Standard Error

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The standard deviation of the sampling distribution of a statistic. [1]

The standard error is a measure of precision - estimates with higher standard errors have lower precision - and is used in the computation of confidence intervals and many tests of statistical significance.

Computation

There are a number of common methods of computing standard errors:

  • Formulas for computing the standard errors directly from data. For example, the most well known computation of the standard error is the standard error of the mean which is computed as s / \sqrt(n), were s is the Standard Deviation and n is the sample size.
  • Formulas for computing the standard errors from regression outputs (sometimes referred to as analytic standard errors).
  • Algorithms for approximating the hessian, which is then used as an input into formulas for computing standard errors (sometimes referred to as numeric standard errors). This is generally the method employed with Mixed Multinomial Logit Model. It is commonly employed when analytic standard errors cannot be computed.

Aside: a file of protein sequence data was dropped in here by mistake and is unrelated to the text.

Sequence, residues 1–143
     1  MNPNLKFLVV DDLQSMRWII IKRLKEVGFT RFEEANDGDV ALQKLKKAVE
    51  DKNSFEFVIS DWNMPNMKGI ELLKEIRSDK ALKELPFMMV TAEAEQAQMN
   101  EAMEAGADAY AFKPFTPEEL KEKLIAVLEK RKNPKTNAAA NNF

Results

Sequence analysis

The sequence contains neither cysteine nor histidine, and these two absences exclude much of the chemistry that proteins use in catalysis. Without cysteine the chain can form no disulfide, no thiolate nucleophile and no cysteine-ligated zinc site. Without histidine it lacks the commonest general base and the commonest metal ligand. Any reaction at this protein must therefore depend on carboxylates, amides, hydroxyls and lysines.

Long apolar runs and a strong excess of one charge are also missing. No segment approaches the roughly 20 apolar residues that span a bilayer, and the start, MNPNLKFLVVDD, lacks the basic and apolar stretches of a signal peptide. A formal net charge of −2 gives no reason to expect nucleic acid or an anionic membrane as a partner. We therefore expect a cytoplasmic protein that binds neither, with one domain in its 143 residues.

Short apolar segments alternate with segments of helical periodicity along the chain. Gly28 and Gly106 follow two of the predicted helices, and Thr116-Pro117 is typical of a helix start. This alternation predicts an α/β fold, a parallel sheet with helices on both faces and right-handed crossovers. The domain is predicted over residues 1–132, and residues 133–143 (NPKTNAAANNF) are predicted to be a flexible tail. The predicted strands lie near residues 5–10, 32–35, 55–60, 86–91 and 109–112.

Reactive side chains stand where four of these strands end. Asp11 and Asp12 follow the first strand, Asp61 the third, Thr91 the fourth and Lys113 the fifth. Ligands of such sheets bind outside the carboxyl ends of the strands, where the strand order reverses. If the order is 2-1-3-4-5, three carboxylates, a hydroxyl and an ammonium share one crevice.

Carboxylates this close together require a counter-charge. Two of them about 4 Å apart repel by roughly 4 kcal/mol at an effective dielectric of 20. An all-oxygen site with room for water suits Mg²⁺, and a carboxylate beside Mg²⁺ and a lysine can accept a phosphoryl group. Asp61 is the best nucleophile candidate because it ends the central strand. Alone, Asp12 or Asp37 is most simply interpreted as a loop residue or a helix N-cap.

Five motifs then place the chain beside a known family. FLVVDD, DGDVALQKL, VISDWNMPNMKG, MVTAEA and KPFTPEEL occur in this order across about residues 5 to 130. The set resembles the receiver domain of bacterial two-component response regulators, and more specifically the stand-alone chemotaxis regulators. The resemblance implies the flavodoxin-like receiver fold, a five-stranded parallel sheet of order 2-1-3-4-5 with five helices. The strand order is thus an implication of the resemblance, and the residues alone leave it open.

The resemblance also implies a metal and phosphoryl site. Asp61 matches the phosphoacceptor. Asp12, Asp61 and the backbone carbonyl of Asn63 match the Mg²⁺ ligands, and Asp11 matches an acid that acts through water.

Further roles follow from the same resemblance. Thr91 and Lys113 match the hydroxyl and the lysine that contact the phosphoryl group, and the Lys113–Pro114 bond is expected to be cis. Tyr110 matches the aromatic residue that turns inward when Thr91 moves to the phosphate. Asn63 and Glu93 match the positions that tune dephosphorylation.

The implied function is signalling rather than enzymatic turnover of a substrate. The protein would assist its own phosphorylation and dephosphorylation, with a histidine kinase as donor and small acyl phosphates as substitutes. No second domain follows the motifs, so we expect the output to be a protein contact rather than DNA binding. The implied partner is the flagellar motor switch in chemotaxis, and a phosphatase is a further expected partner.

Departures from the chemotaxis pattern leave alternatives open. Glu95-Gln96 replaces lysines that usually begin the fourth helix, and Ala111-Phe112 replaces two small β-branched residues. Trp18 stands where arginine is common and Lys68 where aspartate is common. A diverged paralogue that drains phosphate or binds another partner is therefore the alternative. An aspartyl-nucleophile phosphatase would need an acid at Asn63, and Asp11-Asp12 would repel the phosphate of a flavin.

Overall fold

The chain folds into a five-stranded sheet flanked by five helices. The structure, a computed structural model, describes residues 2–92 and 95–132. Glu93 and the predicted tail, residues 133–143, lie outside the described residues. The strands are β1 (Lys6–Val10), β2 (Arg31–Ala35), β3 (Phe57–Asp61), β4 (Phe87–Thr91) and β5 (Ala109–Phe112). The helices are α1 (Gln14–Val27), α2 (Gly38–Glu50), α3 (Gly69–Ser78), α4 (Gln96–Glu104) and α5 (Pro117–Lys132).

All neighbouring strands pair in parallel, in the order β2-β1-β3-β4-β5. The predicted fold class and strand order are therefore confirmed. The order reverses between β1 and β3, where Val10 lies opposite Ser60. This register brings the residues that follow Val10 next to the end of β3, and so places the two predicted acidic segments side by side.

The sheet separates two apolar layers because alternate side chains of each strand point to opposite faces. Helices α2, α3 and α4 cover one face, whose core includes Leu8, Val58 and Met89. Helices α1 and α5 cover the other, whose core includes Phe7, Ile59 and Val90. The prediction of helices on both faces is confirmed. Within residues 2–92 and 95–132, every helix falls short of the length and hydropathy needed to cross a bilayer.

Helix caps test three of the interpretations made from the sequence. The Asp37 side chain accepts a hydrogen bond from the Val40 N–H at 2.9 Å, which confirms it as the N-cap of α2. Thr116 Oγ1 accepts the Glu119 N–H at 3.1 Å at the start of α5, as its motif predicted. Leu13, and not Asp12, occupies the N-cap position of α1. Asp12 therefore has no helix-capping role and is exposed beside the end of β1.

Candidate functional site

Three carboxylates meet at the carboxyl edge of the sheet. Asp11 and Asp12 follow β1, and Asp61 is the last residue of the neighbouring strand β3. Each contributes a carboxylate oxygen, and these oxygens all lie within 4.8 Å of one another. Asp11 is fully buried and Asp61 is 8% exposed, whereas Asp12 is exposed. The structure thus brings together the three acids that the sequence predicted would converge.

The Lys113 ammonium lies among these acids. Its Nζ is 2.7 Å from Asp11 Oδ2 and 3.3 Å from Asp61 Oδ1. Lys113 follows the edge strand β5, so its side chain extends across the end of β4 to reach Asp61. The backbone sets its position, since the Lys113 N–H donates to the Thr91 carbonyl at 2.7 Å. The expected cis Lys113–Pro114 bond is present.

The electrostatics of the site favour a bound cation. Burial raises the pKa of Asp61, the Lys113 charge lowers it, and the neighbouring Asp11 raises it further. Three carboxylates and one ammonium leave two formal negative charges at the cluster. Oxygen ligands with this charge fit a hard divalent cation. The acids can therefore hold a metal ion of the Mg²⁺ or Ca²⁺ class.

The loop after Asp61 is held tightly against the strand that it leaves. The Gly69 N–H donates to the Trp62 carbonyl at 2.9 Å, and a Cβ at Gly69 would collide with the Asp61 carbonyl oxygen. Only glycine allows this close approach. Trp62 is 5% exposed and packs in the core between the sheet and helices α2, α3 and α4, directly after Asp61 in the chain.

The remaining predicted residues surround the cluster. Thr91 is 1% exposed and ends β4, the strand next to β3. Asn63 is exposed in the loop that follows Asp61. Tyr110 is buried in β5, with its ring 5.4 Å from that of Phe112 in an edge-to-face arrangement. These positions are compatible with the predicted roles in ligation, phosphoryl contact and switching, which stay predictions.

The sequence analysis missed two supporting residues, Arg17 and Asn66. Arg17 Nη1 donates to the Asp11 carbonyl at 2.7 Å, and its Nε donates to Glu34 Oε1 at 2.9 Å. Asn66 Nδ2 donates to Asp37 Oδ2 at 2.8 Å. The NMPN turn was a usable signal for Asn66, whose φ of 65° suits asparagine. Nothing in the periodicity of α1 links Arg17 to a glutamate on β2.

• Resampling methods, including bootstrapping, jackknifes and permutations'. These are commonly used when it is believed the assumptions for the above three methods are not met.
  • Using intermediate calculations from Bayesian estimation methods (i.e., the posterior distributions of the parameters).

Where the assumptions of each of the methods are met, they all compute the same standard error.[note 1] The only exception to this is Bayesian estimation methods, which often have slightly different goals and thus can lead to different results.

Example

If the standard deviation of a variable in a Simple Random Sample is 2.763 and the sample size is 212 then the standard error is:

2.763 / \sqrt(212 ) = 0.189763619

See Confidence Interval for the use of this calculation.

Notes

  1. Differences can arise due to issues of numerical precision and model specification.

References

  1. B. S. Everitt (2002): The Cambridge Dictionary of Statistics, Second Edition, Cambridge.